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BETA   •   TUESDAY, NOVEMBER 19TH, 2019

WSOP Tax Man Winner – Congrats World Champion Ryan Reiss!

November 7 LuckyLady

WSOP 2013 netted the latest crown World Champion, Ryan Reiss a sweet $8.3 Million Big ones and a cool $5.2 Million for 2nd to Jay Faber!

But how much do they really get to keep of this money and who really comes out on top.

Biggest Winner In This Year’s WSOP Main Event is none other than The Taxman

Here are some light shed on some numbers of the WSOP November 9 take home pay. The taxman, or good ol’ Uncle Sam, will get their ~40%+ cut no matter where you are:

  • Ryan Reiss of Michigan will most like have to pay 42% Tax rate: Est.~$3.5 Million in Federal Taxes on his $8.3 Million win leaving just under $5million.
  • Jay Farber of Nevada ~ 39% Tax rate: Est.~$2 Million in Taxes on his $5.1 Million win leaving ~$3.1Million.
  • Amir Lehavot ~ 40% Tax rate: Est.~$1.5 Million in Taxes on his $3.7 Million win leaving ~$2.2Million.
  • JC Tran ~48% Tax rate: Est. ~1 Million out of his $2 Million win. (California & Federal Tax) Leaving ~$1.1Million.
  • Marc – Eitienee McLaughlin from Canada ~50% Tax rate: Est. ~$800k out of his $1.6 Million win leaving ~ $800k.
  • David Benefield of New York ~ 46% Tax rate: Est. ~$437k out of his $940K win leaving just over $500k.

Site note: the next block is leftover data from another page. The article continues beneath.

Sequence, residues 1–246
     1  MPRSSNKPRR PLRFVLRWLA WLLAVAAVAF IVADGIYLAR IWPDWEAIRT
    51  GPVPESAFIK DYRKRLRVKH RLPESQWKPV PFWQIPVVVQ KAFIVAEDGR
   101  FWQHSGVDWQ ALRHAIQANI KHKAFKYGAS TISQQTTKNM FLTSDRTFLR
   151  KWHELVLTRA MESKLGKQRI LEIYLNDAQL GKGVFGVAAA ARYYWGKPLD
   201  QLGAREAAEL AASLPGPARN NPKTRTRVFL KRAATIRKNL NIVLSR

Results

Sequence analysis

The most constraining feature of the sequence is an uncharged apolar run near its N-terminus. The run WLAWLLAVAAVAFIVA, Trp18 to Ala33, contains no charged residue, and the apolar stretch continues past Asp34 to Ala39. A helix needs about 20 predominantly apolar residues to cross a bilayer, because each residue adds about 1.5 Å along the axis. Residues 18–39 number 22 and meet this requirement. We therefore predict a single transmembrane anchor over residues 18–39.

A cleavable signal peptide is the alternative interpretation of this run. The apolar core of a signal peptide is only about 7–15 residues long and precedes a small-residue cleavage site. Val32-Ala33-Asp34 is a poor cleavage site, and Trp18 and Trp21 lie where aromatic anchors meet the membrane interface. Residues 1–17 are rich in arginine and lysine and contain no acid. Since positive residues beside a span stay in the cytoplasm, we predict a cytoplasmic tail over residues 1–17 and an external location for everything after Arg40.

Here’s a table summarizing the tax bite from Taxable Table Talk:

Amount won at Final Table $25,932,167
Tax to IRS $8,626,311
Tax to Belastingdienst (Netherlands) $355,353
Tax to Franchise Tax Board (California) $321,611
Tax to Canada Revenue Agency $312,628
Tax to New York Dept. of Taxation & Finance $78,394
Total Tax $9,642,011

That’s a total tax bite of 37.18%.

As an amateur poker player you also do not have to pay as much and overseas also has different tax laws.

So what about the backers? Do backers have to pay tax? Depending on the deal structure, taxes are usually paid out first and win is split afterwards. Buy-in is generally not taken out first before splitting the wins from what I have experience. Really depends on the individual deal made.

For the American IRS, the WSOP final table was a huge win no matter who took home the gold bracelet. In total, the final table participants won $25,932,167. Of that huge sum, the IRS took $8,626,311, with $9,642,011 (37%) going to the taxman in all of the players’ countries combined.

This surely has all players that understand the grind of the Main Events thinking… is it worthwhile to play for the Main Event title? Is it about the money or the simply the coveted title?

 

 
SOURCE: Taxabletalk, PocketFives

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